Gas Gangrene

Gas gangrene is usually caused by a bacteria called Clostridium perfringens, which gathers in a deep wound (like a surgical scar or injury) with no blood supply. The multiplying bacteria release gasses that may form bubbles under the surface of your skin. As a result, your skin may change color, and the bubbles may even make a cracking sound if you press on them.

Gas gangrene is another life-threatening type of gangrene, but because it starts deep in the muscle tissue, it can be difficult to diagnose.

Internal Gangrene

Even though both it and gas gangrene take hold deep within the body, internal gangrene differs from the latter in that it affects an organ if its blood supply is cut off. If it goes long enough without blood, an organ will die, and if internal gangrene isn’t treated quickly, it can be deadly.

Fournier’s Gangrene

Fournier’s gangrene is a form of the disease that specifically affects the male genital region, starting with a urinary tract infection or another form of genital infection.

Meleney’s Gangrene

Meleney’s gangrene spreads quickly and has a high mortality rate, but fortunately, it’s very rare. It typically forms after surgery, starting with the appearance of very painful lesions, and it then begins to spread rapidly under the skin.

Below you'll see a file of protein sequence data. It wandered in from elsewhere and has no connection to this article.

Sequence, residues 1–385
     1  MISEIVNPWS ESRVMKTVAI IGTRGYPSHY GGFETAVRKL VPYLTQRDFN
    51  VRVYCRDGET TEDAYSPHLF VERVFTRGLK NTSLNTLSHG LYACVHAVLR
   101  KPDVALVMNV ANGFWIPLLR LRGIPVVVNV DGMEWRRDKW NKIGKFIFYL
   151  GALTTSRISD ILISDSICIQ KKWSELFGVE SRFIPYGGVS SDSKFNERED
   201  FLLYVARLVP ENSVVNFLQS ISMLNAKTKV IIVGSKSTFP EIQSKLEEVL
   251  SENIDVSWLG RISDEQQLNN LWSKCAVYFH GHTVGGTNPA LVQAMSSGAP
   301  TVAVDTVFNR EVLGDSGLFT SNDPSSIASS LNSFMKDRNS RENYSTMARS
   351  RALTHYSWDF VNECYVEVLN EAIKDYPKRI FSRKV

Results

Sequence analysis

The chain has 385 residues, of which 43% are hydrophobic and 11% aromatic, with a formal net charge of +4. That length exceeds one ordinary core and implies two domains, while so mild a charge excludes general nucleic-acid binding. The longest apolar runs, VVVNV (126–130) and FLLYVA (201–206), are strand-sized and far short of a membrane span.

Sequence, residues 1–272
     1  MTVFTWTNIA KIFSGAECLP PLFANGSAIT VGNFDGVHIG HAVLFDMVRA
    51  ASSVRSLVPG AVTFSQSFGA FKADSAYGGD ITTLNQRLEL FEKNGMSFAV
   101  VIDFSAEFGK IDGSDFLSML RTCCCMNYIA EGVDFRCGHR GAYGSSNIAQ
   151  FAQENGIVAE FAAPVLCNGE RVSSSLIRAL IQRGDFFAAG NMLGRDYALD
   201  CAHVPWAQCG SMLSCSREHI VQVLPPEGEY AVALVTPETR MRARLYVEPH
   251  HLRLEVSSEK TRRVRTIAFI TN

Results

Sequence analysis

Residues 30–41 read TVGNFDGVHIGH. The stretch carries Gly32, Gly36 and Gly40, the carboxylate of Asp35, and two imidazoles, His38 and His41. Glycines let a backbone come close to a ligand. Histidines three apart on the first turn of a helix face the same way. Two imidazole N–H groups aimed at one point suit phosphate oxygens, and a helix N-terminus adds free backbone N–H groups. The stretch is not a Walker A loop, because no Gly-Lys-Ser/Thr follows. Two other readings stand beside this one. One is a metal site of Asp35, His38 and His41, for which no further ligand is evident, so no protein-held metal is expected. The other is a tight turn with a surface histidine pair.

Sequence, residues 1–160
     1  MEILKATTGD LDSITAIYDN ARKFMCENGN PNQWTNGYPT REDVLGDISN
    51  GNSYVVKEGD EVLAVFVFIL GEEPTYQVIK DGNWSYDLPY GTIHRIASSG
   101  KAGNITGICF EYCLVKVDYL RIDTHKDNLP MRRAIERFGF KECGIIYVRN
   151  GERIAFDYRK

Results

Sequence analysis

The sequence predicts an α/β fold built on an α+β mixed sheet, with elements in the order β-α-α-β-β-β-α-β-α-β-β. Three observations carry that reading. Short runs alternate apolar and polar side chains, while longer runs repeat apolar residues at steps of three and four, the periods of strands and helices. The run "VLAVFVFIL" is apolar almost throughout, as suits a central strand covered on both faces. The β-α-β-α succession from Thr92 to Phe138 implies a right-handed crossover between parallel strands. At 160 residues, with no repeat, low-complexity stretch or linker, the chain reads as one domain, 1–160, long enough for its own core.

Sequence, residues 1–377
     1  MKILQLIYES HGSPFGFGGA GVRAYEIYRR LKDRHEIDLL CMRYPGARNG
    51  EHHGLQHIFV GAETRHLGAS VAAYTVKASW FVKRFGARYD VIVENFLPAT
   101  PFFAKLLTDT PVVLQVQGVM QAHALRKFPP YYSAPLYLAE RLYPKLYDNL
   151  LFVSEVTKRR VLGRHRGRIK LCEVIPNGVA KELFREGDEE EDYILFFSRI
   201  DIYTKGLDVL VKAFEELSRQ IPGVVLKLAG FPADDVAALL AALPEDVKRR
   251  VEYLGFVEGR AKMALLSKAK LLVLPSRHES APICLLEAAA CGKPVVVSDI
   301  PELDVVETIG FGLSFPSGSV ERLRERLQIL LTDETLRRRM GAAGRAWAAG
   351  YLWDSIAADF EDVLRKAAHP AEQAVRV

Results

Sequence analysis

What Are the Symptoms of Gangrene?

If you’re healing from an injury, have just had surgery, or have a disease that is known to affect blood vessels, it can be helpful to monitor for the following signs of gangrene:

  • A red line around the affected area (signals dry gangrene)
  • Sores that reappear in the same places
  • Redness and swelling around the affected area
  • A wound that smells especially bad
  • An unexplained fever that won’t go away
  • Numbness and coldness in the affected area
  • Very noticeable skin discoloration
  • Skin blisters or a crackly feeling beneath the skin (signals gas gangrene)
  • Skin that turns dry and black (signals dry gangrene)
  • Significant pus or discharge from a wound

Because gangrene can move so quickly and have serious consequences, it’s wise to consult a doctor if you have any suspicion of gangrene.

How Is Gangrene Diagnosed?

Doctors can use a wide variety of techniques to diagnose gangrene, such as:

  • Blood Tests: Larger-than-normal amounts of white blood cells might be a sign that you have an infection